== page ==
Maybe it was in overcoming this moment, having to stare down their own failures, that UMass found the freedom to play the semifinal without fear.

“I think the moment got to us a little bit,” said UMass’s Jonah Stang-Osborne of the quarterfinal against Texas. “But then after we proved that we could grind through a really sloppy game, we just felt the moment and embraced it. We proved to ourselves that we could overcome any challenge.”

Zoodisc captain Isaac Kaplan elaborated, saying that “after the Texas game, that was such an emotional push, that it was just like a release. And [during the semifinal] it was beautiful out and incredible conditions under the lights. So mostly, it was just a calm we had, [feeling like] we can play whatever, however we want to play.”

It’s worth pointing out that Cal Poly never faced the same existential stakes for their season until things started to go wrong in the early going against Zoodisc. They had rolled through their competition at Regionals and Nationals, being the adversity that teams face rather than having to face it themselves. And in the semifinal, only one team played with a joie-de-vivre that reflected a real embrace of the finite nature of a season, rather than the pressure that comes from it.

Playing every game like it’s your last can be empowering or paralyzing, depending on how you internalize the concept, and how teams process that reality in elimination play is part of the equation in determining who ends their season as a champion.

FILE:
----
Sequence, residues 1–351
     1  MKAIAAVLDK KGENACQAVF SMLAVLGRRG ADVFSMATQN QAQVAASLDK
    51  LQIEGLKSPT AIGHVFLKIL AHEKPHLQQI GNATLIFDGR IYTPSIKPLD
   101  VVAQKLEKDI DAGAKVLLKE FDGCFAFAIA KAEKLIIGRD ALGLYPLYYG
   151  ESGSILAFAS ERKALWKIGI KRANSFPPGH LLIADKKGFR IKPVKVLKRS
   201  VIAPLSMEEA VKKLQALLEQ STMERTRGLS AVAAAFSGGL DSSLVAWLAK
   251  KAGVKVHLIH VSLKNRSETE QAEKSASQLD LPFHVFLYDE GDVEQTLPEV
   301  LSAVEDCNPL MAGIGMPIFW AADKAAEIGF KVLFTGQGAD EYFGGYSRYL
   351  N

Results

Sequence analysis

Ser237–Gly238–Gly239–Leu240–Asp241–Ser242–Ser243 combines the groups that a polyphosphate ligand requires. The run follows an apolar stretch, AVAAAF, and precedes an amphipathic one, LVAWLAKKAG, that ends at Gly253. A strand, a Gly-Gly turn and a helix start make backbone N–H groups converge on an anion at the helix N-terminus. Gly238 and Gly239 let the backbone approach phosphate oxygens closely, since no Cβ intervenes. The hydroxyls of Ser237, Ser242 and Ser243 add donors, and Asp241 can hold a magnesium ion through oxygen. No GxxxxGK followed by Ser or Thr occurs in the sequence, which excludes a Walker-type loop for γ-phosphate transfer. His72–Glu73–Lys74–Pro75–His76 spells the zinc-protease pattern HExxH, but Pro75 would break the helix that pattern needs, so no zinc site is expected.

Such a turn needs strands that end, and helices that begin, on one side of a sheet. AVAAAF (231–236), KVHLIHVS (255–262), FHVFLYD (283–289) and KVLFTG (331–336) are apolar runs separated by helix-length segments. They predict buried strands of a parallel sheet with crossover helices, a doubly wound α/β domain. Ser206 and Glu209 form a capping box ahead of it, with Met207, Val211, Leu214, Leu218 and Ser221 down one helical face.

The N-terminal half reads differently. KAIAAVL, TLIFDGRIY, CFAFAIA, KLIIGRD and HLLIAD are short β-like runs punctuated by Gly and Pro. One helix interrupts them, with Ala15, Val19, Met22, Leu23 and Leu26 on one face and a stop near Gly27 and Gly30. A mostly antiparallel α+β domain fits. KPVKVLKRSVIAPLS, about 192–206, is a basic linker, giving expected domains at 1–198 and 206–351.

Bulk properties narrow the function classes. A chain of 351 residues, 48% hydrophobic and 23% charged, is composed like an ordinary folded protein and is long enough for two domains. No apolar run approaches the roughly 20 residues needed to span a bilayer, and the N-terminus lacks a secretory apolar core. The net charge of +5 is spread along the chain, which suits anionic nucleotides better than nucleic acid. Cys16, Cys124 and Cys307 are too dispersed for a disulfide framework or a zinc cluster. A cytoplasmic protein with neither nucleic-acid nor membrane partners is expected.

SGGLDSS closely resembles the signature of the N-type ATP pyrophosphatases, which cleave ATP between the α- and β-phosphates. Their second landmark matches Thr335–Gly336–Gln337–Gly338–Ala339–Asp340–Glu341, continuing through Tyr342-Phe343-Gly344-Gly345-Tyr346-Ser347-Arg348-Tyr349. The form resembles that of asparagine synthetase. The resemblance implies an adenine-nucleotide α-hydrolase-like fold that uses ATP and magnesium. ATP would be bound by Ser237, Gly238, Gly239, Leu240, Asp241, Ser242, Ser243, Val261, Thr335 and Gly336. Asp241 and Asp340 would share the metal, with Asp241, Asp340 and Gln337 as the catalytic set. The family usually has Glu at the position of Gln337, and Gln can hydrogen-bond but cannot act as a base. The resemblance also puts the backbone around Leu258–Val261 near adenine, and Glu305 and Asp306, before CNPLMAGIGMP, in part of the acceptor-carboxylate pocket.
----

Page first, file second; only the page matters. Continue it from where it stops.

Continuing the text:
As it happened, neither team would be crowned champions in 2023. “Worthiness” is not a concept that matters much for medals in the UNC Darkside era. The evil empire once again eclipsed the sun, living at a championship level their entire season by dint of their programmatic dominance. Both UMass and Cal Poly reached those heights at points this season, but doing it over and over and over again until there are no more games to play is the challenge still before them.

  1. Patrick Stegemoeller
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    Patrick Stegemoeller is a Senior Staff Writer for Ultiworld, co-host of the Sin The Fields podcast, and also a lawyer who lives in Brooklyn.